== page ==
Jason Heyward and Freddie Freeman watched Braves icon Chipper Jones handle the “face of the franchise” role seemingly with ease in recent years. He knocked out the various unwritten duties of that post effortlessly, including dealing with the media during good and bad times, all while he fought the effects of age and injury in an effort to keep playing at a high level.

Heyward and Freeman are 17 years younger than Jones. They don’t have to worry about having fluid-filled knees drained every month or taking cortisone injections on a regular basis to relieve creaky joints so they can play.

But when it comes to being faces of the Braves franchise — most agree Heyward is and Freeman could be soon — youth and inexperience are not assets. More often, they are issues that must be overcome before a player feels confident speaking for himself, much less being asked at times to speak for others, such as at the end of a disappointing series when reporters have deadlines and some teammates might choose to spend a little more time decompressing in the players-only dining room.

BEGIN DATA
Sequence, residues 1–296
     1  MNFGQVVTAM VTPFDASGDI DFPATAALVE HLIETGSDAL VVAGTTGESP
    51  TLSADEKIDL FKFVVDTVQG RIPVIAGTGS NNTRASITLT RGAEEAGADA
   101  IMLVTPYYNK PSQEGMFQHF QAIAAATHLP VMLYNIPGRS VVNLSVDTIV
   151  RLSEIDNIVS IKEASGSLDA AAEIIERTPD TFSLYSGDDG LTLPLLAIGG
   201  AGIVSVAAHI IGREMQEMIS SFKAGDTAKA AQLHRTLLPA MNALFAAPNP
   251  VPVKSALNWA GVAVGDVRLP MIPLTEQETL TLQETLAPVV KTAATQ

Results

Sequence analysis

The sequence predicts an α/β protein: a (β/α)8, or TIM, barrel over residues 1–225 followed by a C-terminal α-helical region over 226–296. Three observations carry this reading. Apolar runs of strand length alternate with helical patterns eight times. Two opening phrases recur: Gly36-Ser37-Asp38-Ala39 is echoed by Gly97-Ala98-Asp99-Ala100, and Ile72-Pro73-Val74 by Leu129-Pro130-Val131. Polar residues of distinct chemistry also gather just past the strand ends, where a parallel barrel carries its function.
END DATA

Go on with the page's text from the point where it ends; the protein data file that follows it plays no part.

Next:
“How he handled the media and how he handled all the fans,” Freeman said, smiling and shaking his head. “When I’m sitting a couple of lockers down last year, watching how he handled things, you try to take it in and do the best you can. Some people are just gifted that way. He was one of them. You try to take in everything you can and hopefully, you can just put it into what you do while your career progresses.”